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The Business of Stream Metrics: Quantifying Quality

A Historical Viewpoint
The science of stream measurement had been of interest to academics studying the Internet for years but stream metrics began to look like a commercial opportunity in early 2000. At the Streaming Media East 2000 conference in New York City, June 2000, one of the conference breakout sessions was titled "Tracking, measuring & reporting streaming media usage/viewers - the issues with being accountable to your advertisers." Panelists from Exodus Communications' Service Metrics division, iBEAM Broadcasting, Media Metrix, and BRC Media discussed the importance of collecting different types of data on hosted streams and, at a time when streaming media was primarily aimed at consumers, how advertisers might use the information to improve the monetization of streams.

Media Metrix was the only company who had a panel-based measurement system, based on 50,000 live Internet users in North America running Media Metrix software on their computers. Bruce Ryon, the general manager of the Digital Media group, reported that approximately 30 to 40% of those on the Internet were watching some type of streaming. At the time, most content providers sought streaming server logs. Logs can tell you how many people have requested the file and can compile information such as the domain from which the file request was placed. Lariat Software (later purchased by enScaler) had a package that could consolidate logs from different servers and perform a variety of analyses. iBEAM called this "standard" reporting. In addition, the iBEAM logs were analyzed and segmented traffic by subject matter and viewer profiles for advertisers intent on targeting the "right" audiences with the "right" content. Logs, everyone agreed, fail to provide information about the quality of the experience or how long programming was sent before the user interrupted the stream but they were relatively easy to obtain.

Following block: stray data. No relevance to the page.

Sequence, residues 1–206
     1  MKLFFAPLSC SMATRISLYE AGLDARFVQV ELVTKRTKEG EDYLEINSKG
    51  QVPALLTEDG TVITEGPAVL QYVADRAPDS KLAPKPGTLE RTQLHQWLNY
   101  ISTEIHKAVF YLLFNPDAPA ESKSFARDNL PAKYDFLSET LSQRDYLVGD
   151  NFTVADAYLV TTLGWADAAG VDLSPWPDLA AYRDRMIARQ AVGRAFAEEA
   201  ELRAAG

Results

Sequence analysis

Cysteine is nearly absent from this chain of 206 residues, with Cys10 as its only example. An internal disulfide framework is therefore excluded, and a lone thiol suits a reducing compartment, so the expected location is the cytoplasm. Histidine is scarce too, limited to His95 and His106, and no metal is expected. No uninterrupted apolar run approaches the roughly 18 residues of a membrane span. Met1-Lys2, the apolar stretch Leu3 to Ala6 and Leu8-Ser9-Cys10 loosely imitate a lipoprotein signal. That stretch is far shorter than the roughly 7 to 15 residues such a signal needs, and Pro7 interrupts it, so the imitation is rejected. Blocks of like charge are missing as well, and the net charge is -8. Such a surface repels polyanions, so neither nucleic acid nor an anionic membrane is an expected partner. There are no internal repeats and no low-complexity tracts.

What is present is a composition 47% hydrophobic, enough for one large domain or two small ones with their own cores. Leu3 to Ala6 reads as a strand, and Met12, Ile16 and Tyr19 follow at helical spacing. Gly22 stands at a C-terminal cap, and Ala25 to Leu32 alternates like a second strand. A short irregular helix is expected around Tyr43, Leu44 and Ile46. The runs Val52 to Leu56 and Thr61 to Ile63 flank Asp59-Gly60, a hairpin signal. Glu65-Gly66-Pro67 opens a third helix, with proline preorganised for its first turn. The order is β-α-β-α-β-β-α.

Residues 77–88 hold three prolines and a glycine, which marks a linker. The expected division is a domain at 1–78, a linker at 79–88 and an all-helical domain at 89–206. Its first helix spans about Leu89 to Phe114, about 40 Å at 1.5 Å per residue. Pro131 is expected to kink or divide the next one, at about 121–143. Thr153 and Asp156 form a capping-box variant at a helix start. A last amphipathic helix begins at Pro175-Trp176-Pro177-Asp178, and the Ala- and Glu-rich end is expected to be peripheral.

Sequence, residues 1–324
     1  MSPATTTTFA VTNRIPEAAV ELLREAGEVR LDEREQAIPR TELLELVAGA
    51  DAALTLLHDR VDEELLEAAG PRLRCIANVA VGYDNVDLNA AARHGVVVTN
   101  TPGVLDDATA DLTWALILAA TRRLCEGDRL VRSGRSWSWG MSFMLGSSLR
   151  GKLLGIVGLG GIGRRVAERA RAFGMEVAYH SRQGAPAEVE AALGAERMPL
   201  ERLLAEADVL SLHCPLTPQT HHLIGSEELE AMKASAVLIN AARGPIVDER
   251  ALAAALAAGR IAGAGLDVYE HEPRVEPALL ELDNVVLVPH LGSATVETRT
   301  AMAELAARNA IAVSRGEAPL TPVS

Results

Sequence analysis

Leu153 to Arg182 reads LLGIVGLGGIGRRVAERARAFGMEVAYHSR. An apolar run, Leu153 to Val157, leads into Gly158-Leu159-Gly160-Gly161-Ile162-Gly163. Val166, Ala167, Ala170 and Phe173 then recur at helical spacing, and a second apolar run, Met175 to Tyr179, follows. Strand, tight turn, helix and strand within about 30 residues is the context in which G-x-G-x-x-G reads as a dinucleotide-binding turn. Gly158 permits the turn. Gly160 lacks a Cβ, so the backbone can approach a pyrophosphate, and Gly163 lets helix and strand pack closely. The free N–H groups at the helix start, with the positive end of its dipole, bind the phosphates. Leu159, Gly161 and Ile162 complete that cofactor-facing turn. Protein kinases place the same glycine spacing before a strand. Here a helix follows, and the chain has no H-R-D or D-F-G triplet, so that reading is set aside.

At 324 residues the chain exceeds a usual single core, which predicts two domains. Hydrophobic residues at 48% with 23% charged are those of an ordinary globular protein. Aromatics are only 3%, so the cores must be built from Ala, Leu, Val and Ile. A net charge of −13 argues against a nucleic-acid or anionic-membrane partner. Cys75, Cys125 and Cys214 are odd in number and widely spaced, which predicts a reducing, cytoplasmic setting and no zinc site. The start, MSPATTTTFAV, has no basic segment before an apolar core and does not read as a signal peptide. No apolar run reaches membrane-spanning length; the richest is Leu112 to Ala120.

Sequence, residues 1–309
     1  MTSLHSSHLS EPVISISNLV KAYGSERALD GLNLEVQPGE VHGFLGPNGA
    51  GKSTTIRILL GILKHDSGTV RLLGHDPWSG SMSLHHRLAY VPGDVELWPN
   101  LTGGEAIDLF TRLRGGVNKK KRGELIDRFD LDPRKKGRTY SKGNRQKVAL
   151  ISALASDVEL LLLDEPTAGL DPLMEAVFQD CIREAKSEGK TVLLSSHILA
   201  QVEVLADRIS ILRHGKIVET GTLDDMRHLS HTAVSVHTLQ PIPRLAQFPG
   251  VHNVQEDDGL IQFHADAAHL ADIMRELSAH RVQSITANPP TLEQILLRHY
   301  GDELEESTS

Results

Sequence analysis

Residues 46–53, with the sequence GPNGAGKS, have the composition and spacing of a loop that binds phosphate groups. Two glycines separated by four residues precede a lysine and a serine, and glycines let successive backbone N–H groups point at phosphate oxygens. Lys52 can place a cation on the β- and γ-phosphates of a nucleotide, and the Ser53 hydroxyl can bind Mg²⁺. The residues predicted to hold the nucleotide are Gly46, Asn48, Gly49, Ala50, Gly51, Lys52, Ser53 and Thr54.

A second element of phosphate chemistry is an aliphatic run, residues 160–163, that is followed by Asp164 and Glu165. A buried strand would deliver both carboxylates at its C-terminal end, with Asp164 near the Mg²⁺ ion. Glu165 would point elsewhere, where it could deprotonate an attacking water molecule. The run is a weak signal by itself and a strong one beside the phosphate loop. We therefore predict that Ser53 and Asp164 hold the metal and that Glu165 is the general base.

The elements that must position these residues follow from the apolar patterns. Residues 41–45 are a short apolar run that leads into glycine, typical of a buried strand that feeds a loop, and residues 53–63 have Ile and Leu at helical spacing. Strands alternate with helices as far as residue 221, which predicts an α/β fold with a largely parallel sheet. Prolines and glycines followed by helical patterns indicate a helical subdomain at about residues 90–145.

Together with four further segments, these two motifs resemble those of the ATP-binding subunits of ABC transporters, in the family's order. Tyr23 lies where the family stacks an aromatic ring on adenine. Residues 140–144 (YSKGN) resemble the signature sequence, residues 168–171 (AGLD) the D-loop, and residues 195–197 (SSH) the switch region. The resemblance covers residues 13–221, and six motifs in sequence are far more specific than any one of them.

While neither Keynote nor Streamcheck were represented on the panel, both companies introduced their first generation platforms for stream quality measurement on the tradeshow floor at Streaming Media East 2000.

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